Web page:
Update: The offers mentioned below for the Delta Gold and Platinum cards are no longer available. View the current offers here: Gold Delta SkyMiles Personal, Gold Delta SkyMiles Business, Platinum Delta SkyMiles. While many airline co-branded credit cards simply offer award-redeemable miles that have no bearing on elite status, there are several out there that do offer elite airline status, benefits, and/or qualifying miles, either as part of the sign-up bonus or as a spending threshold bonus, or both. For example, Amex just announced sign-up bonuses of 50,000 miles for several of its co-branded Delta cards, including the Platinum Delta SkyMiles card, which offers 15,000 Medallion Qualifying Miles and the opportunity to earn up to 20,000 more MQMs by meeting spending requirements as well as 50,000 bonus mile when you spend $1,000 within the first 3 months. With these new offers hitting the market, I wanted to give readers an overview of which credit cards can help you earn and maintain elite status on various airlines. This post will give you a rundown of current offers, along with my thoughts on each one.
Looking at all the airline co-branded credit cards that offer elite status and/or EQMs, I included the following criteria:
- Status Earning Potential (in miles, status points and/or benefits, per calendar year)
- Spend Requirements
- Current Sign-Up Bonus
- Annual Fee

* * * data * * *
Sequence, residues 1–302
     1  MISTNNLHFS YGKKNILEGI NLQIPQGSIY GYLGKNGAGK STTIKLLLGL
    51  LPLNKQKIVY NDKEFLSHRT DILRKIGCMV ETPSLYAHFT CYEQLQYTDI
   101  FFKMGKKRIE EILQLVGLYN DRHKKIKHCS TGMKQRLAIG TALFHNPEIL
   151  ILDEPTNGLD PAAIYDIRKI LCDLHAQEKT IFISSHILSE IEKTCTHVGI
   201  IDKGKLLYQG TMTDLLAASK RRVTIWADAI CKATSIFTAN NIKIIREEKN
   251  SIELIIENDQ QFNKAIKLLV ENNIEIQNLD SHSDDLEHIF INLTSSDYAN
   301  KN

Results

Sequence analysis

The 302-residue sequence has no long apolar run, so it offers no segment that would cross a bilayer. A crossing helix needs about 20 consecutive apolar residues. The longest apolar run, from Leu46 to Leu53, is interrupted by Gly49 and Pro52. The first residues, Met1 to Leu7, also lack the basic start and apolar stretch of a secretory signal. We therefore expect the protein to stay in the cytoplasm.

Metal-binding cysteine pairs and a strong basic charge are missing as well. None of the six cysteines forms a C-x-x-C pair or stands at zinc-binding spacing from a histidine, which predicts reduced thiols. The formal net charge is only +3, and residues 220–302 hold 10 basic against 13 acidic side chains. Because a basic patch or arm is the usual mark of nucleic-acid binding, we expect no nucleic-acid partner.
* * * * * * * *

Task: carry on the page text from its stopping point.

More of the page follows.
If airline elite status is your goal, here are some cards to consider: Citi Executive AAdvantage World Elite Mastercard Current Sign-Up Bonus & Benefits: 60,000 miles when you make $5,000 in purchases within 3 months of approval. Additional benefits include Admirals Club membership. Annual Status Earning Potential: 10,000 Elite Qualifying Miles Spend Requirements: $40,000 in a calendar year Annual Fee: $450 My Thoughts: This card recently had a sign-up bonus as high as 100,000 miles, though I still think the current sign-up bonus and Admirals Club membership outweigh the high annual fee. 10,000 EQMs will put you a little shy of half way to Gold AAdvantage status, though I can think of better uses for $40k in spending. If you need the extra EQMs to cross an American Airlines status threshold, this card can help, but I wouldn’t get it just for that reason. Delta Reserve Credit Card from American Express Current Sign-Up Bonus & Benefits: 10,000 MQMs and 10,000 bonus miles upon your first purchase, as well as SkyClub access. Annual Status Earning Potential: Up to 30,000 Medallion Qualification Miles (can also be used as redeemable miles) Spend Requirements: $30,000 for 15,000 MQMs, or $60,000 for 30,000 MQMs; in either case, these MQMs are earned for eligible purchases in a calendar year. Annual Fee: $450 My Thoughts: There’s also the Delta Reserve for Business Credit Card which offers the same Miles Boost as the personal card. Additionally, note that spending $25,000 in a calendar year on this card will waive Delta’s new Medallion Qualifying Dollars requirements for elite status at any elite level. If you max out the spending bonus on this card, you can get 40,000 MQMs your first year, which is more than half way to Platinum status, or about one third of the way to Diamond. Despite the high spend, this is a strong offer if you’re looking for elite status on Delta. Platinum Delta SkyMiles Credit Card from American Express Current Sign-Up Bonus & Benefits: Get 50,000 SkyMiles and 15,000 Medallion Qualification Miles when you spend $1,000 within the first 3 months, and earn a $100 statement credit when you make your first Delta purchase within 3 months. Additional benefits include checking your first bag free on every Delta flight for you and up to 8 people on your reservation, priority boarding and 20% In-Flight Savings, as well as an Annual Companion Certificate for one roundtrip economy ticket in the 48 contiguous United States. Annual Status Earning Potential: Up to 20,000 SkyMiles and 20,000 MQMs annually Spend Requirements: 10,000 of each SkyMiles and MQMs for $25,000 in calendar year spend, and another 10,000 of each for a total of $50,000 in calendar year spending Annual Fee: $195 My Thoughts: Spending $25,000 in a calendar year on this card will waive Delta’s new Medallion Qualifying Dollars requirements for elite status at any elite level. The current sign-up bonus for this card will last through September 8, 2014. Overall I think the Reserve card is a better value if you plan to max out spending for MQMs. However, the higher sign-up bonus and lower annual fee make this card a great option if you just need to cross a status threshold. United MileagePlus Club Card Current Sign-Up Bonus & Benefits: $100 statement credit after your first purchase. 50% mileage bonus of 2 miles for every $1 spent on United, and 1.5 miles per dollar on all other purchases. Additional benefits include automatic membership in Avis First and Platinum status in Hyatt Gold Passport, as well as primary auto coverage. Annual Status Earning Potential: United Club membership as long as you’re a cardholder, first and second bags checked free for you and one companion, and book any available United seat when redeeming miles at the MileagePlus Standard Award level, with no limitations, restrictions or blackout dates. Spend Requirements: These benefits are automatic with payment of the annual fee (see below). Annual Fee: $395 (however, you may be able to find an offer with the first year waived by visiting your local Chase branch). My Thoughts: This card offers certain United Premier benefits (club access, priority check-in, etc.), but doesn’t actually confer elite status. If you value United Club membership, this card is a no-brainer. US Airways MasterCard *Note that as of 2015, all of this card’s status-related benefits will no longer be available. Current Sign-Up Bonus & Benefits: 40,000 Dividend Miles after your first purchase, annual certificate for up to two companion tickets at $99 each plus taxes and fees, priority check-in and priority Zone 2 boarding, first checked bag free for you and up to 4 companions, and a free annual Club pass. Annual Status Earning Potential: 10,000 Preferred miles Spend Requirements: $25,000 each calendar year Annual Fee: $89 My Thoughts: Once the merger with American Airlines is complete, US Airways elite status will be transferred to the AAdvantage program. So if you’re nearing elite status with US Airways, it could be worth getting this card to put you over the threshold. This card won’t be around much longer, so apply sooner rather than later. Virgin America Premium Visa Signature Card Current Sign-Up Bonus & Benefits: Earn 15,000 Elevate bonus reward points when you spend $1,000 in the first 90 days. Annual Status Earning Potential: Earn up to 15,000 status points every calendar year and carry forward any additional status points. Spend Requirements: 5,000 points per $10,000 you spend Annual Fee: $149, depending on card My Thoughts: If you max out the elite bonus from this card, you’ll be 75% of the way to Elevate Silver status. For those who fly Virgin America often, the ability to roll over status points into the next year makes this card very valuable. Virgin Atlantic Mastercard Current Sign-Up Bonus & Benefits: 20,000 bonus miles after your first purchase, 25,000 additional Flying Club bonus miles after you spend at least $2,500 in qualifying purchases and up to 5,000 Flying Club bonus miles when you add additional authorized users to your card. Earn up to 15,000 additional bonus miles upon anniversary. Annual Status Earning Potential: One Tier point per $2,500 in purchases (maximum of 2 per month) Spend Requirements: Up to 24 Tier points per year on up to $60,000 in spend. Annual Fee: $90 My Thoughts: Earning 15 Tier Points (by spending $37,500 on this card) will get you Silver status, and maxing out the 24 Tier Points will get you 60% of the way to Gold status. This card sometimes offers a higher signup bonus, but the present offer is strong enough that I wouldn’t wait if you’re trying to earn elite status. Southwest Airlines Rapid Rewards Premier Credit Card Current Sign-Up Bonus & Benefits: The standard offer is 25,000 Rapid Rewards points (no TQPs) when you spend $1,000 in the first 3 months of approval. However, there is a better offer for 50,000 points when you spend $2,000 in the first 3 months. Annual Status Earning Potential: Up to15,000 Tier-Qualifying Points Spend Requirements: Every $10,000 in purchases earns 1,500 Tier-Qualifying Points Annual Fee: $99 Note: There is also a business version of this card with the same terms, but with no 50,000 point offer available. My Thoughts: Southwest offers just one cabin class, and their elite status benefits are pretty basic: priority boarding, bonus points on paid flights, free WiFi for A-list Preferred, etc. They do offer one of the best travel benefits out there in the Companion Pass, but you need to earn regular points to get that (TQPs are mostly irrelevant). Unless you’re really devoted to Southwest Airlines, I think you’re better off going for elite status on one of the legacy carriers.